Full Text Available The overactive bladder (OAB syndrome can be treated with behavioural, surgical and/or pharmaceutical interventions, mainly represented by antimuscarinic drugs. Solifenacin is a new antimuscarinic with selectivity for the bladder and it demonstrated good effectiveness, safety and tolerability. Scope of the present study is to investigate the pharmacoeconomic performance of the treatment with solifenacin, when compared to tolterodine and placebo, in Italian patients with OAB. The economic evaluation is performed with a simulation model, based on a Markov chain. The time horizon of the simulation is 52 weeks, with a 1-week cycle. The model simulates the outcomes and costs of the treatment with solifenacin (5 mg/die, tolterodine ER (4 mg/die and no treatment in a cohort representative of the Italian population with OAB (estimated in about 1,400 thousands patients. The cost analysis is conducted mainly in the perspective of the patient, since drugs for the treatment of OAB are currently not included in the Italian reimbursement list. The results show that both treatments produce significative improvements in symptoms and quality of life, with an increase in costs of about 540-640 Euro/year with solifenacin and of 680-780 Euro/year with tolterodine. In the cost-utility analysis, solifenacin dominates tolterodine since it results more effective and less costly, and its cost cost-utility ratio with respect to no treatment is in the range 7,600-18,600 Euro/QALY. In the subgroup of patients incontinent at baseline and who best respond to the therapy (responders, the increase in costs with solifenacin results of about 100-400 Euro/year and the cost-utility ratio is 600-4,200 Euro/QALY. A supplementary scenario has been elaborated to explore the consequences of a hypothetical reimbursement decision by the Italian NHS. In this scenario, the NHS cost perspective is considered and the antimuscarinic drugs are assumed to be reimbursed at a half of the current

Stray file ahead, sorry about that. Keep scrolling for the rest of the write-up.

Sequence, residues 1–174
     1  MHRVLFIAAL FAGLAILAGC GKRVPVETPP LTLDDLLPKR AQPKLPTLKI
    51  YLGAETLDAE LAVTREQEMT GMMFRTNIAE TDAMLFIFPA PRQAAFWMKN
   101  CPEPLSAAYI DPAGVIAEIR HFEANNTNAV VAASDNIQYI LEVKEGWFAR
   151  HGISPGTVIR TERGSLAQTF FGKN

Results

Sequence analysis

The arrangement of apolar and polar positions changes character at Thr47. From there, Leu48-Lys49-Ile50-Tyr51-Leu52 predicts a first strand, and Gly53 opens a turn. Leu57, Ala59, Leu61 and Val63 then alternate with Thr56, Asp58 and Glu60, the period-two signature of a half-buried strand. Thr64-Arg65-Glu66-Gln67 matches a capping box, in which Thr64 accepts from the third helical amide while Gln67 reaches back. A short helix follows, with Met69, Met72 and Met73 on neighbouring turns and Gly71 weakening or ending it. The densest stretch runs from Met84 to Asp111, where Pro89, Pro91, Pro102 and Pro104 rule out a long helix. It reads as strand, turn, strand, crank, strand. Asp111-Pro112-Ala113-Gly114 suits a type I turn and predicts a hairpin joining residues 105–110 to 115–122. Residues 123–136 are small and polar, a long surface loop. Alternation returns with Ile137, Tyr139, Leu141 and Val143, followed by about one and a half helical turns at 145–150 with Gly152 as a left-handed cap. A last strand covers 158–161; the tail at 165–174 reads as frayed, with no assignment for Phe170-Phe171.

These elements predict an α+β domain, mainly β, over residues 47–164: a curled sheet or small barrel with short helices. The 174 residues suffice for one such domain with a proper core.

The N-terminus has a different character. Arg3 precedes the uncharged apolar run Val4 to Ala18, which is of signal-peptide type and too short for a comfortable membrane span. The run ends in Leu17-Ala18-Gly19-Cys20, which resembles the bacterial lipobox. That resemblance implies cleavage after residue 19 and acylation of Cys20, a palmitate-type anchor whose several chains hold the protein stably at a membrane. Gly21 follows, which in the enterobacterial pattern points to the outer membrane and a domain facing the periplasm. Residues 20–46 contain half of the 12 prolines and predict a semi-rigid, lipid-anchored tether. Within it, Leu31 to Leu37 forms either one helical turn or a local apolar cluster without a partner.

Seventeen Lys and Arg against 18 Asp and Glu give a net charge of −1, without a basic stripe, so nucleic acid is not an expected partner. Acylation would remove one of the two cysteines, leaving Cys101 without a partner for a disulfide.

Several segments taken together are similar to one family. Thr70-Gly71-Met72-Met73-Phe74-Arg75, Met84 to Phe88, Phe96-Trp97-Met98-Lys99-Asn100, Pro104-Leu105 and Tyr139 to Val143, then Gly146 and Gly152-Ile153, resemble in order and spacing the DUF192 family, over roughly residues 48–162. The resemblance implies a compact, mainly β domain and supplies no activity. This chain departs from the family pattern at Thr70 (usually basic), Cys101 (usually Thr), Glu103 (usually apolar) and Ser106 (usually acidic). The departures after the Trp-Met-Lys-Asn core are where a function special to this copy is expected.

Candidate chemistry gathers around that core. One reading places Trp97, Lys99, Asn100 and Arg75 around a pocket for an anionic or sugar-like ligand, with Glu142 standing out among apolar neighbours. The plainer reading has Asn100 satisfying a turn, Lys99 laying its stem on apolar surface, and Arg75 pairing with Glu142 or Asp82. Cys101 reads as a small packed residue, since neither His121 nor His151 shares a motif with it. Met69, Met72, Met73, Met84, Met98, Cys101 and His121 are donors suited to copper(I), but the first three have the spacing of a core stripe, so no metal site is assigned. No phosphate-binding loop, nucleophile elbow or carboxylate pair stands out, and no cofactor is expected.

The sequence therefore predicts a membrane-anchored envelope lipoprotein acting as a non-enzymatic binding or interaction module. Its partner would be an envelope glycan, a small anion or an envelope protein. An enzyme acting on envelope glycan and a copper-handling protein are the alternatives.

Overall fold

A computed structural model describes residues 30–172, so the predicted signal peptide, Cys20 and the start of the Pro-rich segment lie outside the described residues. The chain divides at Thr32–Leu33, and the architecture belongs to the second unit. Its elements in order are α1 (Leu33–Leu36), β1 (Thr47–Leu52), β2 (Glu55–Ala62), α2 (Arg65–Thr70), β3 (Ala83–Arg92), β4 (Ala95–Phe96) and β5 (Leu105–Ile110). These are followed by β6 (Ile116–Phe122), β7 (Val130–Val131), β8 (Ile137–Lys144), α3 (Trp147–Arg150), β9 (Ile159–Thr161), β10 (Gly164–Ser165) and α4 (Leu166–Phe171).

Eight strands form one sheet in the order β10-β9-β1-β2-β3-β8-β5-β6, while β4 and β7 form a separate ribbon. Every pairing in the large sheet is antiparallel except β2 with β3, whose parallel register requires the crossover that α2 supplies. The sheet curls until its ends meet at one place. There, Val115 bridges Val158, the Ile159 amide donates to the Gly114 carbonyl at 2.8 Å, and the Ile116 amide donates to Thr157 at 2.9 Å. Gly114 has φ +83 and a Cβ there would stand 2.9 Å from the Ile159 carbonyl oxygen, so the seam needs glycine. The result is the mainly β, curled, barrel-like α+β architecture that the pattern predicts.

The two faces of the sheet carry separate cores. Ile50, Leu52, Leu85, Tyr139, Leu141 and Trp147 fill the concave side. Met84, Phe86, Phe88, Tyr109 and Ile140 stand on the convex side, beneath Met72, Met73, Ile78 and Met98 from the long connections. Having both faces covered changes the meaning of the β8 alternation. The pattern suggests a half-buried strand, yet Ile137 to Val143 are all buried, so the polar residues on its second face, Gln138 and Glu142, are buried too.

10. Lack of association between the ICIQ-SF questionnaire and the urodynamic diagnosis in men with post radical prostatectomy incontinence Falta de associação entre o questionário ICIQ-SF e o diagnóstico nos homens portadores de incontinência urinária pós-prostatectomia radical

    Directory of Open Access Journals (Sweden)

    Rodolfo Borges dos Reis

    2013-01-01

    Full Text Available PURPOSE: To analyze the correlation between the "International Consultation on Incontinence Questionnaire-Short Form" (ICIQ-UISF survey and the urodynamic findings in men with urinary incontinence (UI following radical prostatectomy (RP. METHODS: 88 men who presented post-RP UI for a minimum of 1 year were enrolled prospectively. All answered the ICIQ-UISF survey and underwent urodynamic testing. Patients were divided in 3 Groups according to their urodynamic diagnosis: Group 1, patients with sphincteric incontinence (SI alone; Group 2, patients with mixed UI (SI + Bladder Dysfunction (BD; and Group 3, patients with BD alone. Data were analyzed using SPSS v16.0 software. RESULTS: There were 51 men in Group 1 (57.9%; 30 in Group 2 (34%; and 7 (7.9% in Group 3. BD was found in 37/88 patients (42%, but it was the main cause of UI in only 14 patients (15.9%. There was no statistically significant difference among the mean ICIQ-UISFs values from groups 1, 2, or 3 (p>0.05. The symptoms of stress incontinence correlated with the urodynamic finding of SI (r = 0.59, and complaints of urinary urgency correlated with the presence of detrusor overactivity (DO (r = 0.37, but these complaints did not predict the main cause of UI. CONCLUSION: The etiology of UI following RP cannot be predicted by the ICIQ-UISF survey. Symptoms of stress and urge incontinence predict the findings of SI and DO on urodynamic tests, but they cannot ascertain the main cause of UI. Urodynamic testing remains the gold standard to assess the etiology of post-RP UI.OBJETIVO: Analisar a relação entre as queixas clínicas mensuradas pelo "International Consultation on Incontinence Questionnaire-Short Form" (ICIQ-UISF e os achados urodinâmicos em homens com incontinência urinária (IU após a prostatectomia radical (PR. MÉTODOS: 88 homens que apresentavam IU por um período mínimo de 1 ano após a PR foram incluídos prospectivamente. Todos responderam o questinário "ICIQ-UISF" e